The debate over whether to provide governments with “backdoors” to break encryption in software and devices continues to rage. Earlier this month, messaging company WhatsApp added end-to-end encryption for the billion users of its service. And today, messaging firm Viber announced it would follow suit, meaning it won’t be able to decode messages its users send; neither will any government agencies.
That stance is popular with IT professionals, according to the results of a survey conducted by the Spiceworks Community, an online professional network of IT pros. The survey, which polled more than 600 IT professionals from North America, Europe, Africa and the Middle East in March 2016, found that 87 percent of the respondents believe that backdoors in encryption protocols, hardware or software leave organizations more exposed to a data breach.
Valuing Encryption for Security
Law enforcement agencies have argued that end-to-end encryption can aid criminals and terrorists. The FBI, in particular, has expressed worry about “going dark” on investigations as encryption on smartphones and online services becomes more popular.
However, civil liberties advocates and many in the technology industry believe that providing law enforcement with the ability to break through encryption will inevitably lead to weaker security for organizations and users by allowing malicious actors to gain access to the same tools and exploit them for nefarious purposes.
Providing backdoors can also weaken a company’s reputation, according to Spiceworks. The community separately surveyed 220 IT professionals in the United States and the United Kingdom to “understand what impact, if any, a tech vendor’s history of allowing backdoor access would have on the bottom line.”
In that survey, 65 percent of respondents said they are less likely to purchase from a company that's been known to place encryption backdoors into its products. Just 20 percent said that knowing a company had used backdoors would have no effect when evaluating vendors.
The survey of the 220 IT pros found that 57 percent believe network or device encryption “helped their organization avoid a data breach,” which Spiceworks says is an indication “that encryption, as part of a holistic, layered approach to network security, can help protect corporate data in the event of a cyberattack.”
But how much data encryption is being done? The second Spiceworks survey found that it is more common to encrypt data that is in transit than data that is at rest on devices and networks.
Forty-seven percent of the IT respondents encrypt data in transit from cloud computing resources, notebooks and desktop computers, and 46 percent encrypt data in transit from servers. Only 31 percent encrypt data at rest on servers, and just 28 percent encrypt data at rest in cloud storage systems.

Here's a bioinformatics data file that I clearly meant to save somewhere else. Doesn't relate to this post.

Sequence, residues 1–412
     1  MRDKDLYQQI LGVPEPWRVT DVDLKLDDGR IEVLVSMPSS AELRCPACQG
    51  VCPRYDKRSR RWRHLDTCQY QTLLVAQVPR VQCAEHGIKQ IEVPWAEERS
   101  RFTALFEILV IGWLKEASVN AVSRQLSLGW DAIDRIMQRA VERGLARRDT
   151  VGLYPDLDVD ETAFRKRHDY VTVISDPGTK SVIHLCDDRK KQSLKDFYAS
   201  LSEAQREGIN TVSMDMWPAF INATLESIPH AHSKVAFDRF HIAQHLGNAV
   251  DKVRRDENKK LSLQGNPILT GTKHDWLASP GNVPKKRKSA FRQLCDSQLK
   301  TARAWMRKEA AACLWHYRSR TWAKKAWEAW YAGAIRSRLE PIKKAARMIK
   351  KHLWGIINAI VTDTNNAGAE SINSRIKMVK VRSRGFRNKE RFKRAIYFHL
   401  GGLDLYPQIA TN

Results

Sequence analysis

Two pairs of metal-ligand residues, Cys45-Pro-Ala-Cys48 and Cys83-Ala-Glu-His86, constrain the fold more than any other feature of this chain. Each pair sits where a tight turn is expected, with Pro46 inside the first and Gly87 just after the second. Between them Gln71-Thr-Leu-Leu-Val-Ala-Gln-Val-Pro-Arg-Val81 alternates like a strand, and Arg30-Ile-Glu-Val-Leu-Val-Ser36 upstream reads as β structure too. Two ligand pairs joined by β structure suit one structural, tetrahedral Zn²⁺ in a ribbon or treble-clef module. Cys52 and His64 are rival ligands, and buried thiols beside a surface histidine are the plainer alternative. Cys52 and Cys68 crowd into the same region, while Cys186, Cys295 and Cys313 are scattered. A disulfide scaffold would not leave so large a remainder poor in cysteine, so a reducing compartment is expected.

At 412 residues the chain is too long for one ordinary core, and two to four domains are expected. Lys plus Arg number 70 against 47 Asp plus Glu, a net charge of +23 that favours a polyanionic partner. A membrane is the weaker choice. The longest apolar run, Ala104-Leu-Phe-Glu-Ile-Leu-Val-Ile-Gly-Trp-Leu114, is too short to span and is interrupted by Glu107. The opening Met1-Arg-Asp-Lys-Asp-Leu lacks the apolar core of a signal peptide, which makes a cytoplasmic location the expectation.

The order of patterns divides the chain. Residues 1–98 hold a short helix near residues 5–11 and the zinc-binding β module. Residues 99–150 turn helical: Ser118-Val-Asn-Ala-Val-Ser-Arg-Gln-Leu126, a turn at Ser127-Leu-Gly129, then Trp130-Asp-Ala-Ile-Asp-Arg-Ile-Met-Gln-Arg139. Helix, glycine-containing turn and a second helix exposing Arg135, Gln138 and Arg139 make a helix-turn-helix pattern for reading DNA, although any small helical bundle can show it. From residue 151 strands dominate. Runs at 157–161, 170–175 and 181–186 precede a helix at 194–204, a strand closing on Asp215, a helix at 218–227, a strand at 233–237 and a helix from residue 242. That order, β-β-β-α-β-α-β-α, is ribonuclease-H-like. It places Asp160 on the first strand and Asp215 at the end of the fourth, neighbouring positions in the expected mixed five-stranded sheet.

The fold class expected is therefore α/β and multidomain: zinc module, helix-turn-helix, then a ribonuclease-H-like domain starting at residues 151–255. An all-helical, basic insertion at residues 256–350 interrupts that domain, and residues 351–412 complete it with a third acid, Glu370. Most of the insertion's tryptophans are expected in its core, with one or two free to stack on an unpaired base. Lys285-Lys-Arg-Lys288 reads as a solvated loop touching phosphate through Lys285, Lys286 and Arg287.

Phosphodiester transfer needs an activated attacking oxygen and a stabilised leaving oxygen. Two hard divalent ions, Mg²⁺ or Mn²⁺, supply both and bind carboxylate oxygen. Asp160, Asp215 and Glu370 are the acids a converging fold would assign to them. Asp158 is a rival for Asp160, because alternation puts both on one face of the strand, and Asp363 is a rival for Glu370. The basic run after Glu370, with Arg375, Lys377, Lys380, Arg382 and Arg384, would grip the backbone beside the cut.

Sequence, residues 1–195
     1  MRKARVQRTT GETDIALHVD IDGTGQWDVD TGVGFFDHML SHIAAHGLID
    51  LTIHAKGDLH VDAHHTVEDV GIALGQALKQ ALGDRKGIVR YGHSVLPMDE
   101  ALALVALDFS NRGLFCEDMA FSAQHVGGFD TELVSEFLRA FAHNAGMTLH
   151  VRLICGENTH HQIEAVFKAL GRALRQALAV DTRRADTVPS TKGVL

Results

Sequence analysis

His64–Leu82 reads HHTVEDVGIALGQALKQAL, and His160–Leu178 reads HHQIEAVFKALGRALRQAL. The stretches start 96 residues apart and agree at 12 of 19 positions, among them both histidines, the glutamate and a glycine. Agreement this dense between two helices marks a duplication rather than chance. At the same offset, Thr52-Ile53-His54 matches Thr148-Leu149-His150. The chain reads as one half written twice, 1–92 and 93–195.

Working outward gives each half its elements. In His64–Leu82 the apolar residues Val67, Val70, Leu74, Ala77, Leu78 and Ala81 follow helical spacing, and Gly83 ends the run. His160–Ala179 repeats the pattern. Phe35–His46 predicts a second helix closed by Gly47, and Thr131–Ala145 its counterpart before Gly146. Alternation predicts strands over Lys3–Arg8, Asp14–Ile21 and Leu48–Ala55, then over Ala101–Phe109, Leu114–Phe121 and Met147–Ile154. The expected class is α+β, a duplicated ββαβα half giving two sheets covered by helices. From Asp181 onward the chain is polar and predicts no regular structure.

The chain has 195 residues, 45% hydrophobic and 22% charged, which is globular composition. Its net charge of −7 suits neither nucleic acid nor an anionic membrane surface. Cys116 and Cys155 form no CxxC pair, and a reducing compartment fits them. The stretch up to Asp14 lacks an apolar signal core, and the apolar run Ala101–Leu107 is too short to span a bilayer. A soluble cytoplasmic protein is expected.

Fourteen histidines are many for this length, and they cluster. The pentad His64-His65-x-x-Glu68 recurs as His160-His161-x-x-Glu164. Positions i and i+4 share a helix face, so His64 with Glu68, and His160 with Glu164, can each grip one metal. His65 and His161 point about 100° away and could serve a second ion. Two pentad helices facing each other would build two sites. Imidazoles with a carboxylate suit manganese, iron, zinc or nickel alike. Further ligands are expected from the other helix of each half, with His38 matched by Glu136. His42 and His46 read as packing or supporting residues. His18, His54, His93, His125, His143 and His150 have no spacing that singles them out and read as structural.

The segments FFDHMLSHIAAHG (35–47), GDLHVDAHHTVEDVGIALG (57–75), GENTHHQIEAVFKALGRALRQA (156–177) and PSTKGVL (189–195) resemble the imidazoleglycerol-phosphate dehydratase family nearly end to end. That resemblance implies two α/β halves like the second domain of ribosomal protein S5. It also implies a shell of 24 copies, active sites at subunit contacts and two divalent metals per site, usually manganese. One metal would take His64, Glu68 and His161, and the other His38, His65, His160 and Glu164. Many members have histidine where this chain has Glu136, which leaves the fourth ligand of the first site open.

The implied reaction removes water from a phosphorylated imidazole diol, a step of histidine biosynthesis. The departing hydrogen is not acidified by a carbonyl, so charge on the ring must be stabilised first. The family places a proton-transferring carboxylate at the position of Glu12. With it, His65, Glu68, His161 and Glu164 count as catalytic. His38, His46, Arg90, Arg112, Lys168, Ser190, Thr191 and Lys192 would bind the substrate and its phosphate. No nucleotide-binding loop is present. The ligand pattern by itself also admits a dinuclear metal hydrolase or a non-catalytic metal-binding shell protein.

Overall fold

The issue becomes more acute for devices such as smartphones and tablets, since law enforcement can more easily gain physical access. Only 28 percent of respondents in the Spiceworks survey of 220 IT professionals said that their organizations’ smartphones have data encrypted when at rest, and just 25 percent said the same is true for tablets.
Apple Keeps Fighting While BlackBerry Cooperates in Canada
Meanwhile, tensions over encryption continue between law enforcement agencies and technology companies. The Justice Department said late last month that it had, without Apple’s help, cracked the iPhone 5c belonging to one of the gunmen in the December terrorist shooting in San Bernardino, Calif. While that case has been resolved, similar cases are proceeding.
Last week, Apple asked a federal judge to block the DOJ’s efforts to unlock an iPhone in a New York drug case, arguing that the solution the FBI found in the San Bernardino case undercuts the government’s contention that only Apple’s help will let it unlock the phone.
In a separate case, a joint VICE News/Motherboard investigation found that the Royal Canadian Mounted Police (RCMP) “intercepted and decrypted roughly one million PIN-to-PIN BlackBerry messages” related to an investigation into a murder in the Montreal area.
BlackBerry CEO John Chen defended the company’s involvement in the case. “Regarding BlackBerry’s assistance, I can reaffirm that we stood by our lawful access principles,” he said in a company blog post. “Furthermore, at no point was [the BlackBerry Enterprise Server] involved. Our BES continues to be impenetrable — also without the ability for backdoor access — and is the most secure mobile platform for managing all mobile devices.”
But as Motherboard points out, Chen did not address whether the company provided the RCMP with an encryption key to decrypt consumer-grade messages sent via BlackBerry Messenger. Chen only said that its corporate BES systems was not involved in the case.